Apple's Promised TV Revolution Will Be More Of The Same Crap, Thanks To Terrified Cable & Broadcast Executives

from the killing-innovation-in-the-cradle dept

For countless years we’ve all been inundated with rumors that a television revolution would soon be delivered any day now by Apple, whose legendary former CEO at one point claimed he had “cracked the code” on delivering a truly disruptive, intuitive and innovative TV platform. Yet this miracle TV revolution never seems to materialize, and it’s not (outside of perhaps Apple’s marketing machine) really the fault of Apple. The road toward TV disruption is littered with the corpses of countless similar projects from the likes of Sony, Microsoft and Google. With a few small successes, every last one of them has inevitably run, face-first and at full-sprint, into a restrictive broadcast-industry content licensing wall used to prevent disruption.

The press certainly shares some of the blame as well for over-hyping products on demand, as most recently made evident by the collapse of Intel’s TV ambitions. Intel’s OnCue system was presented in 2012 as the next great TV revolution that was sure to arrive any day now. That was, until a slow drip of reports indicated that they too couldn’t get around broadcast-industry licensing restrictions. That technology has since been sold on the cheap to Verizon, who’ll utilize the useful bits and sit on the rest, afraid of offering anything that could possibly cannibalize their legacy TV FIOS user base.

Apple has been hammering their head against this same brick wall for the better part of a decade now, and even though the business and earnings potential of a well-built Apple-based hardware partnership could potentially be immense, the broadcast and cable industry is too terrified to budge. Rumors have ranged over the years from an Apple TV set to a live a la carte TV subscription service, and now have skidded to an underwhelming halt with Apple having to settle for what’s just an Apple TV hardware and GUI refresh with a lovely coat of underachieved ambition. From the Wall Street Journal:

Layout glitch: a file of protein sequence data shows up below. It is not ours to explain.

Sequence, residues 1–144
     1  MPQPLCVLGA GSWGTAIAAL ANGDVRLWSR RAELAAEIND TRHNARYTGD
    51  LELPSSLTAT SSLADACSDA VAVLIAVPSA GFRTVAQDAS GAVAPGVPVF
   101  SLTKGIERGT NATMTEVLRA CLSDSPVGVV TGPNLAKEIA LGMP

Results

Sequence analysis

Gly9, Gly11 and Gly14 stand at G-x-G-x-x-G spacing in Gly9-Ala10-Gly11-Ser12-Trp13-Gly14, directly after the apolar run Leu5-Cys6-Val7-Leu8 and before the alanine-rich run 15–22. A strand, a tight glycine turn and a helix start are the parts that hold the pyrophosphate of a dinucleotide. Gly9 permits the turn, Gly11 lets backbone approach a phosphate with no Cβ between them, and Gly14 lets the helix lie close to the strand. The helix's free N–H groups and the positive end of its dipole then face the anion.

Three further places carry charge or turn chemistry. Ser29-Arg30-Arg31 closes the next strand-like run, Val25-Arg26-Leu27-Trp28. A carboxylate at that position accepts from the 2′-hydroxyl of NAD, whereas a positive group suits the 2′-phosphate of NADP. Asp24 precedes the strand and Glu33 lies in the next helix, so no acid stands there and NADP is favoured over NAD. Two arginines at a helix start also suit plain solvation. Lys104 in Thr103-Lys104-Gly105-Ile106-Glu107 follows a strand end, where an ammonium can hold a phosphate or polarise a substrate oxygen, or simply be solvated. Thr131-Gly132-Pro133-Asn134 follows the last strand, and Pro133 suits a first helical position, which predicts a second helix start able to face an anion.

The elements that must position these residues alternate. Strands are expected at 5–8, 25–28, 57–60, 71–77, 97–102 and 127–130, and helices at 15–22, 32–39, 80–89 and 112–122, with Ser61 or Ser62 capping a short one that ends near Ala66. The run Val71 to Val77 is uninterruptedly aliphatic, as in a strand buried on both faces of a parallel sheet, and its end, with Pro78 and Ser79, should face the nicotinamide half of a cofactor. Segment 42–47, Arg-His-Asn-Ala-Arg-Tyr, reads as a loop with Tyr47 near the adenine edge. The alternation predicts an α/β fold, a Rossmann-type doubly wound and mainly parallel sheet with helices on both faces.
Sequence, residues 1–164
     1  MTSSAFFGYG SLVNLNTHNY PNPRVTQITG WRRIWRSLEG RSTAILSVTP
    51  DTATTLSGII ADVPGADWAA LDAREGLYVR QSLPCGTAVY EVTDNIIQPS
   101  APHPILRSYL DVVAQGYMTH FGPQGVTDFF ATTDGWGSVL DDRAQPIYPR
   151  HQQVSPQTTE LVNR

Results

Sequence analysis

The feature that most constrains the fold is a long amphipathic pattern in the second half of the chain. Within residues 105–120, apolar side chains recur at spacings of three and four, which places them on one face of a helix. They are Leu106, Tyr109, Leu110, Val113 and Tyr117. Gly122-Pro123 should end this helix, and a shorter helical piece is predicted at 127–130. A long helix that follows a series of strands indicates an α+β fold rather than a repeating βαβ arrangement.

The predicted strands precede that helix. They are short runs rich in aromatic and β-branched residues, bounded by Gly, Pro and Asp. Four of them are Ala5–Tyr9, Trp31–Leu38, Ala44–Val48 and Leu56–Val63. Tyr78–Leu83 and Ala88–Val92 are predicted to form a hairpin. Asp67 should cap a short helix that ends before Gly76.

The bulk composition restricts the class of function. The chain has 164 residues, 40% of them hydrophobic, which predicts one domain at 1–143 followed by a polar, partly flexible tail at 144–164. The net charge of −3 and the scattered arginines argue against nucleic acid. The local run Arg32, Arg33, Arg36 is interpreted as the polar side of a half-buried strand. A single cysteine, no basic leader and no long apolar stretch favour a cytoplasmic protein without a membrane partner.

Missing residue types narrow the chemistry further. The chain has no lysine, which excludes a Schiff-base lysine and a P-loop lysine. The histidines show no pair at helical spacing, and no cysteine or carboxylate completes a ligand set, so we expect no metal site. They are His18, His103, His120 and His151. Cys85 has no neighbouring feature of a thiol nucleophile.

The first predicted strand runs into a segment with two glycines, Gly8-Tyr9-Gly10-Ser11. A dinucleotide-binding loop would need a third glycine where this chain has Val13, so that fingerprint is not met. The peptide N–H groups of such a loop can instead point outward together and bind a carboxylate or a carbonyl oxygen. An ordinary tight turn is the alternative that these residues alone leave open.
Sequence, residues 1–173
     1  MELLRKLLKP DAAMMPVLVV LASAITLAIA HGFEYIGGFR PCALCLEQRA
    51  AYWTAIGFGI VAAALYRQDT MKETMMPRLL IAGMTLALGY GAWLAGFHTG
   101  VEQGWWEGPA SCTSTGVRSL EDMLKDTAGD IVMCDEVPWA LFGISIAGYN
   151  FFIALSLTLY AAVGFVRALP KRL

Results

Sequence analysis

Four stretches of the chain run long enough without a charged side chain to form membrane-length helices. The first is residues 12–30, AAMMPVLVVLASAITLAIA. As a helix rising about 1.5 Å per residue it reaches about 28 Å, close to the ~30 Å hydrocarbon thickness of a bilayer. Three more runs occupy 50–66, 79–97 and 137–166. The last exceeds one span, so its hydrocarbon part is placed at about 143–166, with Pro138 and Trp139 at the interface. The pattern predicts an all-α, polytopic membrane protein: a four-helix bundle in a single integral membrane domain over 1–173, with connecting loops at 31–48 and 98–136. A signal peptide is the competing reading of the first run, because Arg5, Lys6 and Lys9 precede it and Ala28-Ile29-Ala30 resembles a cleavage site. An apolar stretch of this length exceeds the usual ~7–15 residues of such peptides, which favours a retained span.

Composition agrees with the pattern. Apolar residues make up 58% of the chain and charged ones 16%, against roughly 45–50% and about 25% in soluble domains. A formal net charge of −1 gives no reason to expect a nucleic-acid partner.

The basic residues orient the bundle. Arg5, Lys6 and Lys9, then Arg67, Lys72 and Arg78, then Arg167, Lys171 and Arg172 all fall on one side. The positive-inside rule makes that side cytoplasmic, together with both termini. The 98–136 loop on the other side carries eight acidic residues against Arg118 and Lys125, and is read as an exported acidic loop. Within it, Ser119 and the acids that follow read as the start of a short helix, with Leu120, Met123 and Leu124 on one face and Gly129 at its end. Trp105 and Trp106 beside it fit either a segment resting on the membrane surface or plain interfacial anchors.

In 2012, the Journal reported that Apple was talking with cable operators like Time Warner Cable about a set-top box and was approaching media companies to gain rights for an ambitious Internet-based digital-video-recording service through the box. At the time, it was looking to offer full seasons of current shows, as well as live programming. Last year, it approached media companies with a proposal to pay extra for ad-free programming.

But it couldn’t complete a deal. Programmers resisted the idea of ad-free TV, and Time Warner Cable balked at some of Apple’s early proposals, which included Apple essentially taking over the cable operator’s video-on-demand service.

Worse, the Journal notes, is that Apple was only able to acquire “just the most recent five episodes of current-season shows,” and is having to battle for the ability to fast-forward commercials three days after they air (which they may not even get). So Apple’s ambitions went from Steve Jobs dreaming about revolutionizing the sector, to yet another product intentionally hamstrung so it underwhelms (in much the same way the industry has relentlessly crippled Hulu). Can’t you just feel the cutting edge excitement?

Many like to argue that Apple managed to help revolutionize music sales and can do the same here, but it’s precisely the cable and broadcast executive fear of that history that has made securing flexible licenses such a Sisyphean feat. On the bright side, like any good disruption-phobic legacy industry, they can only delay inevitable evolution, not kill it. It might be Apple, it most-likely will be somebody else, and it may take the better part of the next decade — but it’s coming eventually whether the myopic and timid cable industry likes it or not.

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Comments on “Apple's Promised TV Revolution Will Be More Of The Same Crap, Thanks To Terrified Cable & Broadcast Executives”

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Londo Mollari (profile) says:

Yes, fools all of them. Those giant birds?what do you Earthers call them? Ah, I remember now. Ostriches. That is what cable television executives are like. That is what most entertainment industry executives are like, to be more precise. Except that I think ostriches have more sense. Fortunately, progress will happen whether these fools wish it or not. Technology has a certain inevitability about it.

JWW (profile) says:


Its is being rumored that the Comcast – Time Warner merger deal has nixed a deal the Apple was working on with Time Warner to do these things.

The cable and cell industries abilities to see their customers only as prisoners who are to be given super crappy service and are to be charged exorbitant rates is a truly hideous state of affairs.

Customer Service is truly dead and buried Customer Servants is what these horrible companies want.

Anonymous Coward says:

Their intransigence will doom them eventually. It can’t come soon enough for me.